health

Tori Zivkovic / KUOW

People sometimes take unlikely paths to get where they're going. This is the story of an unlikely scholar.


Surgery can make anyone anxious, but it is especially hard for young children. Kids going into surgery may be separated from their parents for the first time in a frightening new environment, and they may not understand what's happening.

Where a hospital is located and who owns it make a big difference in how many of its doctors take meals, consulting and promotional payments from pharmaceutical and medical device companies, a ProPublica analysis shows.

A higher percentage of doctors affiliated with hospitals in the South have received such payments than doctors in other regions of the country, our analysis found. And a greater share of doctors at for-profit hospitals have taken them than at nonprofit and government facilities.

Flickr Photo/Agnieszka (CC BY 2.0)/https://flic.kr/p/8Ton8p

Miscarriage: you probably know what the word means, and given that one in five pregnancies ends in miscarriage, you likely know someone who’s gone through one.

But for Angela Garbes, it’s a highly problematic term.


Bullying and cyberbullying are major risk factors for teen suicide. And both the bullies and their victims are at risk.

That's according to a report from the American Academy of Pediatrics that urges pediatricians and family doctors to routinely screen teenagers for suicide risks.

The latest episode of the podcast Invisibilia explores the idea that personality — something a lot of us think of as immutable — can change over time.

When Greg Burel tells people he's in charge of some secret government warehouses, he often gets asked if they're like the one at the end of Raiders of the Lost Ark, where the Ark of the Covenant gets packed away in a crate and hidden forever.

Editor's note: This is an excerpt from the latest episode of the Invisibilia podcast and program, which is broadcast on participating public radio stations. This story contains language that some may find offensive.

Researchers have identified a substance in muscles that helps explain the connection between a fit body and a sharp mind.

When muscles work, they release a protein that appears to generate new cells and connections in a part of the brain that is critical to memory, a team reports Thursday in the journal Cell Metabolism.

Virginia Mason hospital in Seattle.
Flickr Photo/Rob Ketcherside (CC-BY-NC-ND) http://bit.ly/28QrplE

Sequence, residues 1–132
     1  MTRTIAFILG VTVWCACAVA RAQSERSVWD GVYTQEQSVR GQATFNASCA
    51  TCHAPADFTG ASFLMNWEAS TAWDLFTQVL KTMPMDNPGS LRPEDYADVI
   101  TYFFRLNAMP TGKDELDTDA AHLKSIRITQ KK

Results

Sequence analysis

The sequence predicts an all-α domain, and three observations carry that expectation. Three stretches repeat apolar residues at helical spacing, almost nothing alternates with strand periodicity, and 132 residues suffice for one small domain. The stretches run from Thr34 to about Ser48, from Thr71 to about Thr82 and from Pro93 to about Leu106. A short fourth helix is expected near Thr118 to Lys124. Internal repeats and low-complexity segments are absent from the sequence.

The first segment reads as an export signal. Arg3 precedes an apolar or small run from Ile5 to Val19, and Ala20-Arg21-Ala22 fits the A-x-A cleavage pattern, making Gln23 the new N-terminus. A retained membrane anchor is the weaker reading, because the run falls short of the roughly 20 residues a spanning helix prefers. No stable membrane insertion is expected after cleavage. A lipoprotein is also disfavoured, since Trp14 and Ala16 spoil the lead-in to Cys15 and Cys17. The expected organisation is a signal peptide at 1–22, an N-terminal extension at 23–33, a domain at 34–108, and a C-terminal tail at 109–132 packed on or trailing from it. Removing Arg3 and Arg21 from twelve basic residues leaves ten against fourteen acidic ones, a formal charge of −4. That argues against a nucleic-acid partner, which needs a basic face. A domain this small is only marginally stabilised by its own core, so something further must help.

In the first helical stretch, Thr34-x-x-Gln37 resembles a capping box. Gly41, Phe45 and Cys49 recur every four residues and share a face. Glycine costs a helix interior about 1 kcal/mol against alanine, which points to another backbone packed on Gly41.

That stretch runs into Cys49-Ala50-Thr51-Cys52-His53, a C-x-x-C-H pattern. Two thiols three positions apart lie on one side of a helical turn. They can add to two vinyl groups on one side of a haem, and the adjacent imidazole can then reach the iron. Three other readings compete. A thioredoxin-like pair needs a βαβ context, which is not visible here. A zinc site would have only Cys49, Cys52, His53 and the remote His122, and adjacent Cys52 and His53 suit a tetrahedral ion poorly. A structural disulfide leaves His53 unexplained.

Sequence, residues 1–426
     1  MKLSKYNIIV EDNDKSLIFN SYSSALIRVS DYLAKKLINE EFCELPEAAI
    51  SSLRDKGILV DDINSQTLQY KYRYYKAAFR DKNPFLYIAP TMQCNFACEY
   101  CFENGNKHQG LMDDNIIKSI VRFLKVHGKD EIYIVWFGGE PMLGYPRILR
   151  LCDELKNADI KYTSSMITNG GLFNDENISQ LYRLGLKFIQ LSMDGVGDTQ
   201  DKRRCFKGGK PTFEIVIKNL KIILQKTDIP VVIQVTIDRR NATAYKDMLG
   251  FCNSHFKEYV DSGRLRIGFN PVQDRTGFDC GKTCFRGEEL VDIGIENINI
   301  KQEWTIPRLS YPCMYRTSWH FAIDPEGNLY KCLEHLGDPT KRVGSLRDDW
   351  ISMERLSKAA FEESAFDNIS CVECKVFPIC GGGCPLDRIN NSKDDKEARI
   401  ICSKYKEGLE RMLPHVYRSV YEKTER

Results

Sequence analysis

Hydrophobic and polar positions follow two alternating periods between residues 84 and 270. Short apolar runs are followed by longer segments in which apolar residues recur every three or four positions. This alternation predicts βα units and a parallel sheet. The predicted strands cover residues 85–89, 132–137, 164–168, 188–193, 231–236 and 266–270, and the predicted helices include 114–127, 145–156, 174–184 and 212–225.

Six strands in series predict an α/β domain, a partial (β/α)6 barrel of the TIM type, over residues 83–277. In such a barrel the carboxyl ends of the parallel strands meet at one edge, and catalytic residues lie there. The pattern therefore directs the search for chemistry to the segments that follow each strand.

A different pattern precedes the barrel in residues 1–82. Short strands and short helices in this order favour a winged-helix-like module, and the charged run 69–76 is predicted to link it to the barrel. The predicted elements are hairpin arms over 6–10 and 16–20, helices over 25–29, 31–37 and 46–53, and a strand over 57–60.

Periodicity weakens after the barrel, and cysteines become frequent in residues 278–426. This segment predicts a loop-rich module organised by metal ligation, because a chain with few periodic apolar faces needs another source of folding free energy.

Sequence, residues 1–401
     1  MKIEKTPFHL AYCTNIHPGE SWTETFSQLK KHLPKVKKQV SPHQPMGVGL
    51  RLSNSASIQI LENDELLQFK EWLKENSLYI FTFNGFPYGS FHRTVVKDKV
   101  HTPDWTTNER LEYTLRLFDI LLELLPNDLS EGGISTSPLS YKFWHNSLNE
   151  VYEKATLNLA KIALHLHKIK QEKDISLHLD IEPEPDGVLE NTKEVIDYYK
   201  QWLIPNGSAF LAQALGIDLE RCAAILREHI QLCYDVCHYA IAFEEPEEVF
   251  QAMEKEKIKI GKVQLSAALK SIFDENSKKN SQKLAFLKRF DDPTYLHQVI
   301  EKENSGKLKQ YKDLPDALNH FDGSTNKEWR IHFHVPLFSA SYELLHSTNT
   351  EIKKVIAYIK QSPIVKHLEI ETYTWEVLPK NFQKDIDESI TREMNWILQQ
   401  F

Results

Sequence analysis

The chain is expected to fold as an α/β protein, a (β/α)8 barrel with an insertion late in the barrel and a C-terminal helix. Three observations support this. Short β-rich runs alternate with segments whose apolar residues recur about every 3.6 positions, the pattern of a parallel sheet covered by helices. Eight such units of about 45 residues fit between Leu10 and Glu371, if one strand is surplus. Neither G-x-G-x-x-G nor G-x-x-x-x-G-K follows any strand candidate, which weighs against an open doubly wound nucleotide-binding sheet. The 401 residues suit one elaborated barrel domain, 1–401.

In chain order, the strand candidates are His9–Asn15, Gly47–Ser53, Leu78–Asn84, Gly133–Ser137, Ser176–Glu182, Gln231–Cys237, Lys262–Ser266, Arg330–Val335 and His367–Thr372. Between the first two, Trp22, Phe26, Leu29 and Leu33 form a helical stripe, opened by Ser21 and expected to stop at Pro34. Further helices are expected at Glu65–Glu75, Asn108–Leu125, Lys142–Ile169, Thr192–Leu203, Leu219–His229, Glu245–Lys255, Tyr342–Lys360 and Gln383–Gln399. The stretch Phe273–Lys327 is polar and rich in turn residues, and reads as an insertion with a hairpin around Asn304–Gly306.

It’s been a rough week for Seattle-area hospitals. First, Virginia Mason’s accreditation is on the line. Meanwhile, a Skagit hospital lost a court fight related to abortion. And Northwest Hospital is facing a class action suit over charity care. 

Here's a breakdown of what's happening at each hospital.

When Zika started spreading through Latin America earlier this year, a number of governments issued advisories recommending that women put off getting pregnant because the virus can cause severe birth defects. At the same time these countries kept in place strict laws that would prevent a woman from getting an abortion if she were already pregnant.

Kim Malcolm talks with Dr. Leah Concannon about how concussions affect kids differently than adults and why so many concussions in kids go undiagnosed and unreported to health care providers. Concannon is a sports and spine physician at UW Medicine.

Bridgton, Maine, is the kind of place people like to go to get away. It's got a small main street with shops and restaurants, a pair of scenic lakes, a ski resort and plenty of hiking trails.

But about 10 years ago, Bridgton, a town of just 5,000 residents, began showing signs of a serious drug problem.

Politics Makes Abortion Training In Texas Difficult

Jun 21, 2016

Every year, more than 100 new obstetrician-gynecologists graduate from a Texas residency program and enter the medical workforce. Theoretically, all have had the opportunity during their four years of residency to learn about what's called "induced abortion" — named that to distinguish it from a miscarriage. But the closure of abortion clinics in Texas — more than 20 since 2013 — has made that training increasingly difficult.

By now we know that Zika is dangerous for pregnant women and their future babies. The virus can cause devastating birth defects.

But what about for infections after babies are born? Or in older children? Is Zika a danger for them?

So far, all the evidence suggests probably not. But there are a few caveats.

Let's start with what we know.

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